What Are the Ingredients in the Incense at Catholic Mass?
29 SEP 2017
Enter almost any Roman Catholic church in the United States and you will catch the faint, familiar scent of incense. Like the monstrance on the altar and the tabernacle on the wall, the incense has roots in antiquity. According to New Advent Catholic Encyclopedia, not only is incense used to purify the objects that the priest envelops in its smoke, but the smoke from burning incense symbolizes the prayers of the Catholic faithful rising up to Heaven.
1 Roman Catholic Incense
The most prevalent ingredient in the incense used in Roman Catholic incense is frankincense; however, the primary ingredient used in incense may vary from parish to parish. In addition tousing frankincense, some Roman Catholic parishes may use myrrh as the main or sole ingredient in their incense. According to the Catholic Encyclopedia, a parish may use a number of unnamed ingredients, ranging in number from four to thirteen, to enhance the aroma of the incense. If the pastor chooses to do so, he may use other forms of incense, even those formulations outside of Catholic tradition.
According to CatholicCulture.org, frankincense is a “white resin obtained from balsam trees and used in perfumes and medicines.” This resin comes from two different trees of the Boswellia family: the Boswellia sacra (Arabia Felix) and the Boswellia papyrifera (India). According to the Catholic Encyclopedia, the resin has been supplemented to “enhance the fragrance and produce a thicker smoke” since ancient times.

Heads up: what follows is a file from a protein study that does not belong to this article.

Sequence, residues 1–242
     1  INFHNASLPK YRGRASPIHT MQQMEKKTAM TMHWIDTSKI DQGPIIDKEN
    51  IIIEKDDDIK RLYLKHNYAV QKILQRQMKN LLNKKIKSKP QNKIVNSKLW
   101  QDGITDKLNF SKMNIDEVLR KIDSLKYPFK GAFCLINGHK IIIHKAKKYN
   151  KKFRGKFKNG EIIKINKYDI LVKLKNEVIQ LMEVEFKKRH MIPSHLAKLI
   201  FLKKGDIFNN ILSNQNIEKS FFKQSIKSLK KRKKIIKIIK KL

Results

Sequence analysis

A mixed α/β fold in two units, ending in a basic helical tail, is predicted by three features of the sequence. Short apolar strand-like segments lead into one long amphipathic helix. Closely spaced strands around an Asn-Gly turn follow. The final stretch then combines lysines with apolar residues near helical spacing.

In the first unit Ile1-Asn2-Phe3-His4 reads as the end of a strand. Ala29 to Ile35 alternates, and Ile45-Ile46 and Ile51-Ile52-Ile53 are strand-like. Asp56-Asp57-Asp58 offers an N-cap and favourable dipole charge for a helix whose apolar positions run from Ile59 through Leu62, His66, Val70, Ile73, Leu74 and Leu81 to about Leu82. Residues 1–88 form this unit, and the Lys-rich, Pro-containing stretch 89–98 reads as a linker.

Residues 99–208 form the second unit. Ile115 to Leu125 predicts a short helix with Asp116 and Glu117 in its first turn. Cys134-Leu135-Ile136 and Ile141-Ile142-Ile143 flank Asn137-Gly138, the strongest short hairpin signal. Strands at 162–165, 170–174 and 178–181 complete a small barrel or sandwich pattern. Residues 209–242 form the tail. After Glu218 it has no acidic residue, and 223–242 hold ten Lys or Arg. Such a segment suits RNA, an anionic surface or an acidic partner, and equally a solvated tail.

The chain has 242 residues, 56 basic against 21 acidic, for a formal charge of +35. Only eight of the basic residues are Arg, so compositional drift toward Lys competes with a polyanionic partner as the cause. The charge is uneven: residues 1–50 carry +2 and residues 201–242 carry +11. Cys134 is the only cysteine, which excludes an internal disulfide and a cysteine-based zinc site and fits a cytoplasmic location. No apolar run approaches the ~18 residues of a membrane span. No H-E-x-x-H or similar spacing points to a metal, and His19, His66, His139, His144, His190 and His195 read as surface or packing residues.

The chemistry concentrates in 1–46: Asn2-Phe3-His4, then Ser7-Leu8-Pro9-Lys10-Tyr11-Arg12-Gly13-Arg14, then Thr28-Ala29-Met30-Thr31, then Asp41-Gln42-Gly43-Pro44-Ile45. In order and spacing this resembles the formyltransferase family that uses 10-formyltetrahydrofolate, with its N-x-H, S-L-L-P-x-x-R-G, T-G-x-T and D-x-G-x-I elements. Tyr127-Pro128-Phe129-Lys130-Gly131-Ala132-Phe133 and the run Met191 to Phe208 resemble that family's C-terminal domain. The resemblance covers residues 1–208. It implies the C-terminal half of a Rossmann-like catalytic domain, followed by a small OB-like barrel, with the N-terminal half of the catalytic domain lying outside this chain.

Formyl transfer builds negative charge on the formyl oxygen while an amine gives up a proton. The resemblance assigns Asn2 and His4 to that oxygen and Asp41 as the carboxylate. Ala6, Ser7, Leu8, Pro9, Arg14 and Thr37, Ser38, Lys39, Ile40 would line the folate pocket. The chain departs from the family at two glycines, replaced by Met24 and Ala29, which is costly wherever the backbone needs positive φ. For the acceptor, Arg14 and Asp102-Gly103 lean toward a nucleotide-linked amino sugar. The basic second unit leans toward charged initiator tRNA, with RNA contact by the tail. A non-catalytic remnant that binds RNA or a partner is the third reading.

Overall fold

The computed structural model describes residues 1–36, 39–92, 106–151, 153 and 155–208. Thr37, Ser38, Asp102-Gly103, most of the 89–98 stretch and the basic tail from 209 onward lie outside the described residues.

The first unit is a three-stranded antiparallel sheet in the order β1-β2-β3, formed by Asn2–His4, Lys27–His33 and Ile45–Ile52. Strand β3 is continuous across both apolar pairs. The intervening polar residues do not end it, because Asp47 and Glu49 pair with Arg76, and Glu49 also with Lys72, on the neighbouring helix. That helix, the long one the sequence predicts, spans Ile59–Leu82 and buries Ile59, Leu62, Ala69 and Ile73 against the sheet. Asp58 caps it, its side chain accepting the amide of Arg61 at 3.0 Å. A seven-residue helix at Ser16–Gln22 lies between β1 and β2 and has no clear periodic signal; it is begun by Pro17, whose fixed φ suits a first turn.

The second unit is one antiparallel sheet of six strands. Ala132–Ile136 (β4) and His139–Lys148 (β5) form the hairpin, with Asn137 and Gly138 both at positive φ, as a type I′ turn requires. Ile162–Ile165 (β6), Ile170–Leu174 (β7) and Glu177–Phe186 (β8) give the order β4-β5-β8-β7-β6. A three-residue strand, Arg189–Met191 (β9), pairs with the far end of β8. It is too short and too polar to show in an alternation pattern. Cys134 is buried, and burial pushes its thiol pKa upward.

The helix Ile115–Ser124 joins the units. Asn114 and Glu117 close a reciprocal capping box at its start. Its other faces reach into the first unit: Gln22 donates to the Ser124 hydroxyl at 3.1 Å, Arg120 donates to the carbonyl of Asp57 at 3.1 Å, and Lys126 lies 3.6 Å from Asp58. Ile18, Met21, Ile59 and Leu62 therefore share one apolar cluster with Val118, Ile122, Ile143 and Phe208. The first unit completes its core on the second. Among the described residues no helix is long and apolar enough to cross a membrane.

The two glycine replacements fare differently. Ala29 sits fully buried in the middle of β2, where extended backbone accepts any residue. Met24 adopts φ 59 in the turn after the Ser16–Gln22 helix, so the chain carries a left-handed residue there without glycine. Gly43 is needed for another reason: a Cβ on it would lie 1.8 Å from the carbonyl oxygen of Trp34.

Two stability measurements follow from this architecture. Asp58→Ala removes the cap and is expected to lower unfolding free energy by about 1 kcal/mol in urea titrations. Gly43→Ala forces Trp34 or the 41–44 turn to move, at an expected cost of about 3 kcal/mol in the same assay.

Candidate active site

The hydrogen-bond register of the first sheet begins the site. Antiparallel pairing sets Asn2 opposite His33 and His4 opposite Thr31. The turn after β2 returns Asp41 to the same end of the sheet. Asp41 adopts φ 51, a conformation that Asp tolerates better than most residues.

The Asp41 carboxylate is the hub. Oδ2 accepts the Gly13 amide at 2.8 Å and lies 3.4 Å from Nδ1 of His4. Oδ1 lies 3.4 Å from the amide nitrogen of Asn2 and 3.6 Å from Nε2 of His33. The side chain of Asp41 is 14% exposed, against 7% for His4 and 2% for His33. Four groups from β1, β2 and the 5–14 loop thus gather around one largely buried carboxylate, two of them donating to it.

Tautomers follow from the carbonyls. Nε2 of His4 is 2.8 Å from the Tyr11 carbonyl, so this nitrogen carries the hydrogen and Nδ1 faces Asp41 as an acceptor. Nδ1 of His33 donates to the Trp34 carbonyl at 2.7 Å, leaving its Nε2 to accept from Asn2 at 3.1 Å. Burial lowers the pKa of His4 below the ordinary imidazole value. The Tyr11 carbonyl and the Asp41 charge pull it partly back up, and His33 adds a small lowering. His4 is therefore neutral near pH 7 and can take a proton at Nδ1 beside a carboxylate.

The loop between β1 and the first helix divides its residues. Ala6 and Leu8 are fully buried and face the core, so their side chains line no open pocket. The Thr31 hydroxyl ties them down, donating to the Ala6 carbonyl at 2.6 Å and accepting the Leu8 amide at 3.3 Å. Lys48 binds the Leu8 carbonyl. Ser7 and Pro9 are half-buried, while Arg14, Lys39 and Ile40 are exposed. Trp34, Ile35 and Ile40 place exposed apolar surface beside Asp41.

Like frankincense, myrrh is a resin obtained from trees that grow primarily in the Middle East. The use of both resins originated on the Arabian Peninsula. The resin primarily comes from the Commiphora myrrha tree, although other members of the Commiphora family also provide it. According to CatholicCulture.org, myrrh is a “gum resin used as an ingredient in incense and oil of the sick.”
4 The Use of Incense During Mass
An officiant may use incense at several points during a Roman Catholic Mass. According to the St. Paul Catholic Church website, officiants may use incense “during the entrance procession; at the beginning of Mass, to incense the altar; at the procession and proclamation of the Gospel; at the offertory” [. . .] and at the elevation of the Sacred Host and chalice of Precious Blood after the consecration. In addition to the purification and symbolic purposes, the use of incense at the Elevation of the Eucharist “gives a sense of our special reverence for the Eucharist, and the importance of the Eucharist to our prayer life”